Wednesday, August 24, 2011

Survival Buckets and The Great Three Year Experiment, part 2

The day of our road trip the weather was just short of awful. Hot, mid-eighties at dawn with humidity so thick it was like walking into a water fall; our shirts and pants dripped water. I mention this because our weather today is rather pleasant, a welcome change indeed. With this hurricane side-slipping its way up our coast, for reasons I do not understand, our humidity levels have dropped well within the comfort range. Back to the regularly schedule program.

As I said yesterday, after the dig we drove to a crossroads town and had breakfast at a small cafe where they served us bad muddy coffee but excellent grits, eggs, and bacon. From there we took another long drive to our retreat and placed the buckets on our tailgates and popped the tops.
Each man designed and stocked his bucket to his needs, so you will find each a bit different and perhaps you'll find ideas and items to consider for yours if this task is undertaken. Please see part one before reading this post, it is listed on my sidebar. Thanks.

Below is the next item taken from my bucket, seems to be tobacco and matches.

Emergency food bar, has a lemon flavor and used by our Coast Guard.

Here we have a hand powered flash light, which worked quite well, and a pipe and its accessories.

In the picture above also note the red item to the right of the pipe, a first aid kit.

Above, paracord and knife. The knife I smuggled across the Mexican border circa 1971.

Let's move on to Duke's's his bucket firearm, a .39 revolver. Again, it came out of the bucket in fine shape.
Duke with his ammunition. Please note he has twelve rounds. Remember how many I placed in my bucket? Two hundred, very good. Give him credit, .38 packs a punch, but I'd rather have those 200 rounds in an emergency. Zombies require head shots.

An MRE package from Duke's bucket, beneath, clothing articles.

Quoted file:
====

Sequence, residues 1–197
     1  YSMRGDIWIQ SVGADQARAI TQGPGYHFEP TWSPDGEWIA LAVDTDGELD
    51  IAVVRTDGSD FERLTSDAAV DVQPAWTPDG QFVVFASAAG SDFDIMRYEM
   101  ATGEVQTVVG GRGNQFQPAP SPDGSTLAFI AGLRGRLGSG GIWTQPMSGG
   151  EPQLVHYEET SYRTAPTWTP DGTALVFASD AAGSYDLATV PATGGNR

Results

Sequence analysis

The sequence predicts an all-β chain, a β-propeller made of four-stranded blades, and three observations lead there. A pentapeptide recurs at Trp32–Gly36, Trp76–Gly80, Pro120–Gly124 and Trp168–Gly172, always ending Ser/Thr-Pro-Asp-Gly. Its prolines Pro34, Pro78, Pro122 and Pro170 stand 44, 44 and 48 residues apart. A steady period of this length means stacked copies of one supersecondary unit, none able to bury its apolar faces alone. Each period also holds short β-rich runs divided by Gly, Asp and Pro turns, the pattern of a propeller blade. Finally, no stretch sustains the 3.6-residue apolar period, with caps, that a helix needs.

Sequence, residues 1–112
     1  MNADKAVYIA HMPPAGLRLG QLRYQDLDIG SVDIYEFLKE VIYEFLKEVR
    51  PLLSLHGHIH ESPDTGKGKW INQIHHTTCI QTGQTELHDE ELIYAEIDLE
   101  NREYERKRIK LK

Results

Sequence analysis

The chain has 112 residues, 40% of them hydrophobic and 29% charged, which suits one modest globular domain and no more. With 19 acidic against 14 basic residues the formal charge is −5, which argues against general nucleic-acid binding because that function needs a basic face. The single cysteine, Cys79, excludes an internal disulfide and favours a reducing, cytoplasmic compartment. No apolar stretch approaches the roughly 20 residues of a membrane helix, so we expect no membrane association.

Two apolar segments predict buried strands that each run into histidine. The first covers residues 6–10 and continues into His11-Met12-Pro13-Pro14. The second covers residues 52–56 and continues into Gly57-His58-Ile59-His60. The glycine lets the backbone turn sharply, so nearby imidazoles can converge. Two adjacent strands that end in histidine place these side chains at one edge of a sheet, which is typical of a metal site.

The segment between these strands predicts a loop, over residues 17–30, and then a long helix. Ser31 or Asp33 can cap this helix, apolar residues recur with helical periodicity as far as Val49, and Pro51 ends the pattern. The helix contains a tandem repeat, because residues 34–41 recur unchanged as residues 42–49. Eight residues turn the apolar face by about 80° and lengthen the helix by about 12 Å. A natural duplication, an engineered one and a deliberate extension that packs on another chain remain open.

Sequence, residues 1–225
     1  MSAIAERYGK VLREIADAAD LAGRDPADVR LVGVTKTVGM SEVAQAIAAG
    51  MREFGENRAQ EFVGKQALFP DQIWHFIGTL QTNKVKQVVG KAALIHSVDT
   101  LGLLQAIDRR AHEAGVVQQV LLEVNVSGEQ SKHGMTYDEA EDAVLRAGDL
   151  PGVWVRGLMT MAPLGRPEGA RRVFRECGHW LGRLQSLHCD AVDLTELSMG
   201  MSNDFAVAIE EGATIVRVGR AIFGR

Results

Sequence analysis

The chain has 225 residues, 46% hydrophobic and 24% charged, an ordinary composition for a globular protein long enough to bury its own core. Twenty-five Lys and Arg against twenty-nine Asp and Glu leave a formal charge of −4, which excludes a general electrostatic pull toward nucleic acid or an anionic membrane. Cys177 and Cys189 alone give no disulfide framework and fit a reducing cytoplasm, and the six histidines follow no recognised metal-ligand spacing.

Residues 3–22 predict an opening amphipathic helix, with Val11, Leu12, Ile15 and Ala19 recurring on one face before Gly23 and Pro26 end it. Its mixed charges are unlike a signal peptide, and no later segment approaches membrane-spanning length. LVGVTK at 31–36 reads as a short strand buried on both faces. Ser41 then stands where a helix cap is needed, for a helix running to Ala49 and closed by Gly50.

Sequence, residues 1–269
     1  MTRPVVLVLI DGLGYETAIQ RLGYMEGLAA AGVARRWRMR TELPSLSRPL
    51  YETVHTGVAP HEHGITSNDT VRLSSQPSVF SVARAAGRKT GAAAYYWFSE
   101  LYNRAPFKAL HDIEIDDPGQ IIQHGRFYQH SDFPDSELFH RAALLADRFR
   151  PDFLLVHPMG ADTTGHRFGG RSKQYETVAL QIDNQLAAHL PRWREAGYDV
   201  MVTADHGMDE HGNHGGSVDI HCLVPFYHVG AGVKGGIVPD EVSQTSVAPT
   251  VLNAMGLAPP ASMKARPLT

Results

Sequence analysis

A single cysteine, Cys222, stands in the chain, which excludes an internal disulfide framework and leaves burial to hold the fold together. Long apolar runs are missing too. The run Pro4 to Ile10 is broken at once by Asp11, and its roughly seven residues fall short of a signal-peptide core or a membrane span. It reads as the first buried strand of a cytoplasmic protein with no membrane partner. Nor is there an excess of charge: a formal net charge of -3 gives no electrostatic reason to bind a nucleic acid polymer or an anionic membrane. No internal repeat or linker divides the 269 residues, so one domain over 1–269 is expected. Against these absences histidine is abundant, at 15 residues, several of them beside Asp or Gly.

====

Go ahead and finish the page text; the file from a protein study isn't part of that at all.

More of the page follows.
Here is a shot I forgot to add from my bucket...from left to right, bug repellent, a small fishing kit, and a bag of medical supplies. The yellow item is three emergency candles.

This is ShooterSteve's bucket just before he removed its contents...again with candles, water (notice its crystal clear) toilet paper (you reckon its placement was well thought out).

Above, I believe this is ShooterSteve's son Austin's bucket. Austin, since his father is a counsel member has full membership status (other than a vote) and has become a valued member of our group. I've adopted him as my grandson and am extremely proud of the young man. He can place shot groups on targets the size of a quarter at 200 yards...picture me with a big grin on my face.

Above, this is ShooterSteve's items presented on his tailgate...notice the packages of dried beans and rice.

ShooterSteve asked me to show you his can foam thing....he has size issues. Just saying....

Standby for part 3.



  1. I recently ordered one of those emergency food bars just like the one you have in the photo.

    I know that they aren't meant to be everyday food items, but wow, they were horrible. It almost made me nauseated.

  2. Matt, you ate too much. Its meant to be nibbled, with plenty of water. Personally, I much prefer the Datrex bars from Emergency Essentials. The one's pictured I purchased five years ago and are ready for the trash.

  3. That's a good experiment. I never really had a lot of faith in caching. Seems like it is more practical than I thought.

  4. Arsenius, Yes indeed, it has useful applications. Thanks.